I looked up to see a friendly smile and a name tag on his supermarket-issued apron that might have indicated an Armenian background. Or Hispanic. Or sixth-generation Bostonian, born and bred. You can never tell in Los Angeles, where folks change their names, their hair color, and their noses like some people change their socks.
"Uhhh, yeah," I said. "I guess so...."
The checker with the glossy black ponytail and multiple piercings chimed in. "Oh, yeah, I make this..."
"In the food processor, right?," he asked.
"Nah, I just use the blender!," she answered.
And they were off, discussing the pros and cons of hummus with roasted red bell peppers, garlic vs. no garlic, olive oil in or just drizzled over.
I listened and made a mental note: This is my last tub of purchased hummus, ever. If two twenty-somethings who work all day long on their feet can go home and make hummus from scratch, then so can I, a self-professed from-scratch cook. And then I promptly forgot about my resolution.
A few days back, Deb Perelman published her recipe for "Ethereally Smooth Hummus" on her beautiful blog, "Smitten Kitchen." (She also has a first cookbook out by the same name.) Since I had all the ingredients to make hummus, and--more important--a lovely late afternoon to make it in--I did.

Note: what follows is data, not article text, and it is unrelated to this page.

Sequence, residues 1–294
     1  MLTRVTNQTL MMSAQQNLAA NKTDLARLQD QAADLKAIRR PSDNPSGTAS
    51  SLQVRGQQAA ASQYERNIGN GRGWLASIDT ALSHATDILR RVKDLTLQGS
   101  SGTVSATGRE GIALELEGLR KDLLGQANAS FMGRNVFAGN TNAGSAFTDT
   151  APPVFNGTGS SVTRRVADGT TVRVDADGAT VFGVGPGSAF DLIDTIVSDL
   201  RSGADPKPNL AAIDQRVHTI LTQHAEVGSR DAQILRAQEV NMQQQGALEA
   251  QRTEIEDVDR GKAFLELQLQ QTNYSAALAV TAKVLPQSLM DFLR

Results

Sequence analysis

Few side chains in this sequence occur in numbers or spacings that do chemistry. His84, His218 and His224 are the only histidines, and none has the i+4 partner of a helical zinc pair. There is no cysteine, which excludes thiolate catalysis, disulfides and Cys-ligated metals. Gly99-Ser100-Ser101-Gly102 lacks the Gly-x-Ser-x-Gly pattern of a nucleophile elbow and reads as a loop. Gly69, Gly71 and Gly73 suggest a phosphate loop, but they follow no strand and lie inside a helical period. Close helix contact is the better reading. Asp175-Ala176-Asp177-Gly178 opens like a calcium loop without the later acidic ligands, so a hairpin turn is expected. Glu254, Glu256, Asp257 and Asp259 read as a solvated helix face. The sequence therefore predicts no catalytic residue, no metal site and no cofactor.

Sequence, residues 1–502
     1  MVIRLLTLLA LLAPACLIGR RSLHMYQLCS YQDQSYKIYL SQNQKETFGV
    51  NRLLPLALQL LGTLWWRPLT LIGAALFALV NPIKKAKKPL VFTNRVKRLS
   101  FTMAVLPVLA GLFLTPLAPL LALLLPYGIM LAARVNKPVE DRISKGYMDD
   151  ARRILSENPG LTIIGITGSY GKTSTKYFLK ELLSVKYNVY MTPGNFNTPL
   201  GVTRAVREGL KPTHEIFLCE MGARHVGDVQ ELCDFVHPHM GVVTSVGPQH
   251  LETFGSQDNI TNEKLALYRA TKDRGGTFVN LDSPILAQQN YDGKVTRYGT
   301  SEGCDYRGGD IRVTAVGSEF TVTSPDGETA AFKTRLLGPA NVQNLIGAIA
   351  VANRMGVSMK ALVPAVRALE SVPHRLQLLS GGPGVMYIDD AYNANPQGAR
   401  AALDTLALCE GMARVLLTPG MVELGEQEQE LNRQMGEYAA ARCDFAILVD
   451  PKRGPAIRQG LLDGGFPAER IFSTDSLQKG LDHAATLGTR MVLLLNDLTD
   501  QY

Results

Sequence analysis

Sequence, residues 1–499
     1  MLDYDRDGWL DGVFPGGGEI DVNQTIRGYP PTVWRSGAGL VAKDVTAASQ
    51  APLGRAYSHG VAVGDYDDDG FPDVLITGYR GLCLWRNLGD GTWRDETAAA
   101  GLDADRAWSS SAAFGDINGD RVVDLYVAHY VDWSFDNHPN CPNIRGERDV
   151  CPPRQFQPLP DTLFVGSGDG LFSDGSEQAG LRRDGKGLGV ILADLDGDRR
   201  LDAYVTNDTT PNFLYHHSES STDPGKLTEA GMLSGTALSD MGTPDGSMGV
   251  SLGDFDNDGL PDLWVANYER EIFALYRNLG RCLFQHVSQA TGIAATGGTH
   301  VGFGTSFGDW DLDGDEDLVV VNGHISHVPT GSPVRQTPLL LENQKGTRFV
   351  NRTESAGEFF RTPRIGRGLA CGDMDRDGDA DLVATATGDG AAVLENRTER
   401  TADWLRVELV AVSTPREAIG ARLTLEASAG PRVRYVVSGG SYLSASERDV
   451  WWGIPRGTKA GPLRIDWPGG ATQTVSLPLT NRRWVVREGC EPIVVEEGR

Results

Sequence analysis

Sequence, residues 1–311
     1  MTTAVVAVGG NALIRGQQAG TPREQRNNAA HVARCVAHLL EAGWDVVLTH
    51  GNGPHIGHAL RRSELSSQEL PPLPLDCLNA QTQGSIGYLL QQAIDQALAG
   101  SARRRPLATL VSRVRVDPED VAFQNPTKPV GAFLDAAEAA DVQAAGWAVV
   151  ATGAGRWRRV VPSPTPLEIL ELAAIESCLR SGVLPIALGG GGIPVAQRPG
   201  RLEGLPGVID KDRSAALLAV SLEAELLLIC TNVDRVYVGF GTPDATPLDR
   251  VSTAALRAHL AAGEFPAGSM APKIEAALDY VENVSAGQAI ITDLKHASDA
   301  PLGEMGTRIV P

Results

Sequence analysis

Make the hummus, that is.
Please read her website, because her description is amusing and her photos gorgeous. Or if you're in a rush, trust me that the main difference between Deb's hummus and every other one I've seen out there is you peel the garbanzo beans first.
I sat in the late afternoon sunshine and relished the mindless task. It took me back to when I was a little girl and would help my grandmother shell green peas. A soothing, repetitive motion, and at the end, a bowlful of beautifully skinned garbanzo beans, ready to render into silky wonderfulness.
So, again, please go to her website for the instructions and the recipe. Kudos to Deb Perelman for posting this.
And a tiny Yay, Me. For finally getting around to finding out how easy it was to honor my resolution.
Buzzing the skinned garbanzo beans in the food processor
Adding tahini (Warning: It's messy, like a jar of the hippie-est kind of peanut butter, with the constantly oily outside you can't ever get completely clean.)
A little lemon juice
Some coarsely chopped fresh garlic and table (not kosher) salt
Buzz all the ingredients up in the food processor
Check it on a cracker to make sure you like the consistency and try not to make fun of your funny-looking thumbs (thanks, Dad!)
Piled into a bowl, the hummus improves by sitting for at least 30 minutes to allow the flavors to "bloom"
A light drizzle of olive oil, a dusting of paprika, and the first carrot stick is in and ready to go!